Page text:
5. Be Creative: Marketing is more effective when it is fun.
Marketing messaging is the most effective when it is communicated creatively. The first four principles listed here apply regardless of how creatively you name your events or advertise opportunities, but their effectiveness in generating interest can be increased exponentially when you deliver the information in creative, exciting, and memorable ways. Don’t just read or recite an announcement for your pizza party—have a delivery guy interrupt children’s church to bring a special message inside a pizza box. Advertise your food drive by pushing an empty shopping cart onto the platform, then challenge the congregation to see how many carts they can fill. You can make your causes more compelling by making your marketing fun and creative.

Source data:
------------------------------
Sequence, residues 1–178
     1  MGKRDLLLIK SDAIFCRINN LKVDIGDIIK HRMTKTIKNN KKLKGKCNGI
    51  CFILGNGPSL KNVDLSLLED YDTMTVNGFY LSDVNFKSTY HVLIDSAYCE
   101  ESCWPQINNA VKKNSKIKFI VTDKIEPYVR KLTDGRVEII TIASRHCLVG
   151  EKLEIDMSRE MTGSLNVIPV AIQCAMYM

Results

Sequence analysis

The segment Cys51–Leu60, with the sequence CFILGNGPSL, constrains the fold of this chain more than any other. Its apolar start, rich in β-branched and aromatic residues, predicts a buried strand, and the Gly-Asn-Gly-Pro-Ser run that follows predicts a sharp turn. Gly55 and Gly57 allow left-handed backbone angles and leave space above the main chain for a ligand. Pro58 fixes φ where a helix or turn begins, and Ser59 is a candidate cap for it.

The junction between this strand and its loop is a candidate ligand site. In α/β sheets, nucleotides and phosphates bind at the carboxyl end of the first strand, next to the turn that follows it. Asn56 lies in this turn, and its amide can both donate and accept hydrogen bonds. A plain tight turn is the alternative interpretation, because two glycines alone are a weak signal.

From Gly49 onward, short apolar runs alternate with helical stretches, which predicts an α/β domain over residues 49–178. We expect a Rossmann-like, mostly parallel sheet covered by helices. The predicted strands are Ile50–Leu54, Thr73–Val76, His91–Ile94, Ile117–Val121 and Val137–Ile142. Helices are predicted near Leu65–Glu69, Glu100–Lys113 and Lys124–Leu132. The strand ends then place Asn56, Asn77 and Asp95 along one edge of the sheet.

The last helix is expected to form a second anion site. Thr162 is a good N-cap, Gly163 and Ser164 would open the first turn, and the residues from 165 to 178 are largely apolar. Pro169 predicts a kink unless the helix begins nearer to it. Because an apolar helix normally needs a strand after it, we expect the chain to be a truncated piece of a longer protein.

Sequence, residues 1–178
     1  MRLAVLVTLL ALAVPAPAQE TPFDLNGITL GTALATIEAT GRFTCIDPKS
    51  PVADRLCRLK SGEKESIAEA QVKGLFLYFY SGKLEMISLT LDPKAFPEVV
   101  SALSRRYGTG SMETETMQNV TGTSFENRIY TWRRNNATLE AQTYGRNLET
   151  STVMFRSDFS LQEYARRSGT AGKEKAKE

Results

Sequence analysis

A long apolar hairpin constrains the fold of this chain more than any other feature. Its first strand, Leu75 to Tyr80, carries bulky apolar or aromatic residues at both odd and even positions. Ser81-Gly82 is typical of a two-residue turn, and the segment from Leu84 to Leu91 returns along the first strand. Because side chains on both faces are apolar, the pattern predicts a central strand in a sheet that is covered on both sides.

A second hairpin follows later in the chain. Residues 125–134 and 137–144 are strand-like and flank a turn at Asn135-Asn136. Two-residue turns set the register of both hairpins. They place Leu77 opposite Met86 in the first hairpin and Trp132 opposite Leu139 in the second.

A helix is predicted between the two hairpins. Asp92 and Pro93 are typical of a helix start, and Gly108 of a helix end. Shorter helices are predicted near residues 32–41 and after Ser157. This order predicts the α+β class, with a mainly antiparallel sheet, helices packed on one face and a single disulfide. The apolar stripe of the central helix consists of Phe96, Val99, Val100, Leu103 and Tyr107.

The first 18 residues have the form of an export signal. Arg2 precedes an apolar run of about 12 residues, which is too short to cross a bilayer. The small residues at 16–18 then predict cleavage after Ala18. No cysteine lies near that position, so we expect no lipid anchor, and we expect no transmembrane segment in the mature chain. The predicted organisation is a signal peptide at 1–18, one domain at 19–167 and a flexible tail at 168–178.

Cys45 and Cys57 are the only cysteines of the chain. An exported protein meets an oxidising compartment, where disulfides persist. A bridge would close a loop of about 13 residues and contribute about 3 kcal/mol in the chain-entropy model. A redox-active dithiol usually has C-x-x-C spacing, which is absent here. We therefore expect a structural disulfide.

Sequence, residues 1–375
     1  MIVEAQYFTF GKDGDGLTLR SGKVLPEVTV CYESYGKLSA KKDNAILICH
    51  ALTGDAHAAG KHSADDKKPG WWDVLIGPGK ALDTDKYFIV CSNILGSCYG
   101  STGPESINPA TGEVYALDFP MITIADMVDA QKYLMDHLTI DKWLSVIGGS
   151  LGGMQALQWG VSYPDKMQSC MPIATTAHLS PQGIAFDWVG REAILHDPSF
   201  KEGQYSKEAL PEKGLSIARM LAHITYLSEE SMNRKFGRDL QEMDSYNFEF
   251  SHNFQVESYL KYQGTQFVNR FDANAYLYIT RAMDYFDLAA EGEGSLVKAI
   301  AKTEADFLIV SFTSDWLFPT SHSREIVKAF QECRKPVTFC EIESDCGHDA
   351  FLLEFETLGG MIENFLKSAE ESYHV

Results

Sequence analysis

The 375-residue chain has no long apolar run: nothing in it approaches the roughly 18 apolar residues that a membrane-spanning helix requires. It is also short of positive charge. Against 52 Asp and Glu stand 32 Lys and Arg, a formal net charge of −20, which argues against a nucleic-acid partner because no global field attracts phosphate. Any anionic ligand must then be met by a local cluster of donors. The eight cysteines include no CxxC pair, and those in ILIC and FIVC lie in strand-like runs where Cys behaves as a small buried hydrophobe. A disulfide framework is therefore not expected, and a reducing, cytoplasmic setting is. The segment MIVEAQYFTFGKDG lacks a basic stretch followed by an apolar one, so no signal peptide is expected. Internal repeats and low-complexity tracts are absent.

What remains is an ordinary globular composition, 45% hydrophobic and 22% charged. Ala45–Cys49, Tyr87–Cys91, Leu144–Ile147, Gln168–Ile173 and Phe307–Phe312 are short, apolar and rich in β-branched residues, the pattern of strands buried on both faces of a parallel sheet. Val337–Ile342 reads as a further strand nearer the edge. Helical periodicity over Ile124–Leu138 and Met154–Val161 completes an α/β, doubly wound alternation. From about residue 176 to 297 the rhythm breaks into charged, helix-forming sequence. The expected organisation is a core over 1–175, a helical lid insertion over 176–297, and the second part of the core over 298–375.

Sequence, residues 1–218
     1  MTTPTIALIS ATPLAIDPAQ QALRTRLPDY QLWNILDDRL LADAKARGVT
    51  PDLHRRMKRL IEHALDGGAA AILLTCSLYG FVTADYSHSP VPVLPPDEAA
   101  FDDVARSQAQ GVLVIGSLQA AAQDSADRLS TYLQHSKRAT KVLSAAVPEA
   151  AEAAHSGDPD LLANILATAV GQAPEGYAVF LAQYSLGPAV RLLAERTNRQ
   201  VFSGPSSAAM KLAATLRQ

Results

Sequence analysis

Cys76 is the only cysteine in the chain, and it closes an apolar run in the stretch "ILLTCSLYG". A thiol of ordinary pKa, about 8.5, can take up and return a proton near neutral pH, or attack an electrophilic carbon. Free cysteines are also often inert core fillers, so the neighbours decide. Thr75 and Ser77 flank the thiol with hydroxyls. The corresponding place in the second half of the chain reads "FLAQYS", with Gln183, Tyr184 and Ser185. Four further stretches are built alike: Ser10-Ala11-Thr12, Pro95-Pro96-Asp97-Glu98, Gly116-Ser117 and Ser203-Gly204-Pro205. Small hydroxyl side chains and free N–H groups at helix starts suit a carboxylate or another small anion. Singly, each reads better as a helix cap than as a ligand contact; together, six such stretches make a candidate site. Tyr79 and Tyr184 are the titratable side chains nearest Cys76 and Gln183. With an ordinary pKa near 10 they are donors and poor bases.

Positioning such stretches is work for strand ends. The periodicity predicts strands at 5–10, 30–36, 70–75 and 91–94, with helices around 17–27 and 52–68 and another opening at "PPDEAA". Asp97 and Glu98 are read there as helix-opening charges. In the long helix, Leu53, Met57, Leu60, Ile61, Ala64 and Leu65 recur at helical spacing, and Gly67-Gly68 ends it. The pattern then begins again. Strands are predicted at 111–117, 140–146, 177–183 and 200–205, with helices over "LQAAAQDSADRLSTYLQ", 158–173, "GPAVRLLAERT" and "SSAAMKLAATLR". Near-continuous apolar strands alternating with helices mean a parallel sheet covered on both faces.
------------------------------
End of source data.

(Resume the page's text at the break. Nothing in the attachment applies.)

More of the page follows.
Understanding a few marketing principles can help you immensely as you promote your ministry in the church and in your community. They can also help you in your efforts to recruit volunteers to serve along with you. Careful communication and creative messaging are great resources for promoting your ministry.
CHUCK PETERS is director of operations for Lifeway Kids. He is a graduate of Columbia Bible College. A creative person by nature, Chuck’s unique combination of experiences in media production, business, and ministry has caused him to become an unexpected fan of strategy, data, and analysis in ministry. He lives outside Nashville with his wife and four kids.